How to be sick in Madrid – By me and T

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Just to re-align everyone with “when” we are on this trip, it’s now mid-September 2018, and we’ve just left Morocco for Spain. I’ve wanted to get back to Spain since my first visit in 2013 with my friend Brandon. We had only spent time in Barcelona, but we enjoyed it, and it was humorously the location of both my favorite and worst meal of that 2-week Europe trip. We picked the wrong paella place for our first meal, and the food was bland and almost inedible. Thankfully, our Airbnb host recommended a tapas place called Sol Soler, and it was amazingly good and surprisingly inexpensive (4-5 Euro/portion).

There’s also something fascinating to me about seeing Caucasian people speak perfect Spanish. I grew up only seeing Mexicans and Central/South Americans speaking it, so it’s an entertaining juxtaposition.

Anyways, since T and I had both been to Barcelona and wanted more of a cultural experience (as opposed to lounging by the beach), we went with Madrid. We had these grand plans for things like taking multiple day-trips, watching a Flamenco show, visiting museums and castles, etc. Like most of this entire trip, we didn’t quite get to do everything we planned.


Our best travel option into Madrid was a cheap Ryanair flight that cost $94.46 for both of us, which included one “Priority boarding & 2 cabin bags” package to avoid checking-in our bags. The flight was delayed for a little over an hour, which wasn’t a problem since Marrakech Airport had a nice Priority Pass lounge for us to hang out in. Our 2-hour flight ended up landing in the late evening on Wednesday, and we grabbed an Uber for the 15 minute ride to our Airbnb. The host met us on arrival, and gave us some restaurant and area recommendations, leading us to eat some pretty good pizza for dinner on our first night.


T enjoying the couch in our Airbnb in Madrid.

We had originally booked an AC Hotel closer to the center of the city, since we had spare 1-night and 7-night Marriott Category 1-4 certificates to use for our 8 nights in Madrid. However, a few weeks before getting to Spain, we decided that we’d get much better value from the certificate using it elsewhere (like Hawaii), so we canceled our reservations and opted for an Airbnb instead.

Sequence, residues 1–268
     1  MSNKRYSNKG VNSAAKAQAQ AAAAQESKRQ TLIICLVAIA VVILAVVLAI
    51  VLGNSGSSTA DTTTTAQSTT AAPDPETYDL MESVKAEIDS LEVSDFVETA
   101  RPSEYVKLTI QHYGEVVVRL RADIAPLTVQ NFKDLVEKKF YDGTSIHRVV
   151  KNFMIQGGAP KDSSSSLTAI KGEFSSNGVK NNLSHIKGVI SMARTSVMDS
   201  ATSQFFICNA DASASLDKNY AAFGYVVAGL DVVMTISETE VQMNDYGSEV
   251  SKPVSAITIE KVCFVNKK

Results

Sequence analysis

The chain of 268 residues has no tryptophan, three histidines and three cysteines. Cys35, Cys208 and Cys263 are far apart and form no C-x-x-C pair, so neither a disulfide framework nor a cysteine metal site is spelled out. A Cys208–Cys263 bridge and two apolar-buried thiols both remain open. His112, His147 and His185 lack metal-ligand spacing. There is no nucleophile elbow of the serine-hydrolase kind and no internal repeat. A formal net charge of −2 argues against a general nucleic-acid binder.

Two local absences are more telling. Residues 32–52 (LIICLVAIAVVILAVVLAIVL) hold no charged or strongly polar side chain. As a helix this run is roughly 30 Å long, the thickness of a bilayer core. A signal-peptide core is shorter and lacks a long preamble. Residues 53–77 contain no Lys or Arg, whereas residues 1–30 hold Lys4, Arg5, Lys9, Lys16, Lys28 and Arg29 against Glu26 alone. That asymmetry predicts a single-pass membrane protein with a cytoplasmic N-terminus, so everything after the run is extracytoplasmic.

We picked a studio in the suburban Quintana area of Madrid, partially because it seemed to be an awesome deal (~$63/night), and because it had great reviews. The reviews held up, and it ended up being an awesome place. It was newly remodeled, very clean, and even more spacious than the pictures show (which is rare). We were a 5 minute walk from both the main drag with lots of shopping, restaurants, and a metro station, and 20-30 minute metro ride into the various areas of downtown Madrid.


As mentioned in the title, both T and I were under the weather with colds for most of our time in Madrid. T wasn’t feeling great on our trip over from Marrakech, and it hit me just a day or so later. Thankfully, we still had a stash of Zicam zinc lozenges, and that held the colds to just about 3-4 days.

We spent our sick time finishing up the second season of a Spanish show called Money Heist (it goes by La Casa de Papel in Spain), which is about a group of eight thieves that break into Spain’s mint in order to print billions and steal billions of Euros. It has its share of cheesiness, but it was clever and entertaining, and I’d recommend it to anyone that enjoys heist movies/shows.

For the times that we did get out and about, we wandered around downtown Madrid, visited El Retiro Park, ate some churros with chocolate, and just generally explored the city. There was also a casino smack dab in the middle of the city, so I played a couple poker tournaments. Didn’t win anything, but it was fun to play poker in a different language.

El Retiro Park in Madrid
Church in Madrid near El Retiro Park
Calamares, croquetas, y patatas bravas
Right outside El Retiro Park in Madrid
Smoking a churro at Choclateria San Gines in Madrid

What we would’ve done

Had we not been sick, we’d like to think we would’ve taken day-trips to one or more of some of the nearby cities:

Toledo – Spain’s former capital known for hills, cobblestones, and being influenced by Judaism, Christianity, and Islam.

Sevilla – Known for it’s colorful buildings, flamenco shows, and the Alcázar  – a royal palace made even more popular after its use as a setting in Game of Thrones

Ávila – Mainly known for its 2,752-yard long medieval city wall that looks exactly what we all grew up thinking castle walls looked like.

Valencia – It’s Spain’s third largest city with a huge food market, Mercado Central, an old town area, plus the Ciudad de las Artes y las Ciencias or the City of Arts and Sciences – a massive complex of museums, parks, plazas, and structures with the common theme of…well, arts and science.


Our next stop was Germany to meet up with friends for Oktoberfest. We grabbed an Uber early the following Thursday to hop on a 7am flight to Munich. We arrived at the airport with about 1.5 hours to spare, and checked into Puerta Del Sol – a Priority Pass lounge in Terminal 3. One nice thing about this lounge is that they had wrapped sandwiches, yogurt, and fruit that, whether they intended for it or not, you could take with you.

Fruit, yogurt, sandwiches, juice, water, fridge, tile floor…

Our flight was smooth and uneventful, and we landed in Munich about 2.5 hours later ready to experience Oktoberfest, visit a few castles, and, most importantly, misplace my passport again.


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